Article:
From indie-pop fan favorite to a headlining gig on The O.C., Death Cab for Cutie has come a long way since they began recording songs in the late ’90s. The Washington-based group, led by Ben Gibbard, has long been a critical favorite for their infectious melodies and moody lyrics.
Death Cab broke through to a bigger audience with their fourth CD, Transatlanticism. This lush, experimental and emotional release landed the band on many critics “best of the year” lists. Spin wrote the band had “never made the truly great album that their best songs promised. Until now.” And two years after its release Rolling Stone wrote that “That disc still sounds so great, it’s a little scary.”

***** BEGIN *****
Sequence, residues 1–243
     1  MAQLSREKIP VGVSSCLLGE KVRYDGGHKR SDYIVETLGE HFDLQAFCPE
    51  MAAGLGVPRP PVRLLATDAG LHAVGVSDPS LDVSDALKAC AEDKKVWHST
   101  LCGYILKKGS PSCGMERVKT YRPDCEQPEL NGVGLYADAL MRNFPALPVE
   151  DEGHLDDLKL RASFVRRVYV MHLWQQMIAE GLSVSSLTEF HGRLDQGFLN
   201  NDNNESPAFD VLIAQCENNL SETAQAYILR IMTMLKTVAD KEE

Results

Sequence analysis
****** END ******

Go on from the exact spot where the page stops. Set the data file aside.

With such a critically-acclaimed release the band could have come up short on their follow-up but drummer Jason McGerr said “If Transatlanticism was an inhale, Plans is the exhale.” The band’s fifth CD, Plans, deals with struggles of maturing for a release that the Alternative Press said “seamlessly picks up right where 2003’s Transatlanticism left off.”
“All of us in the band are starting to turn a corner and realize our youth is basically over,” said Ben Gibbard. “That’s not a bad thing; it’s just that the feeling of invincibility begins to fall by the wayside. … I’m becoming an adult. And for me, that means being aware of the slow process of losing people in your life.”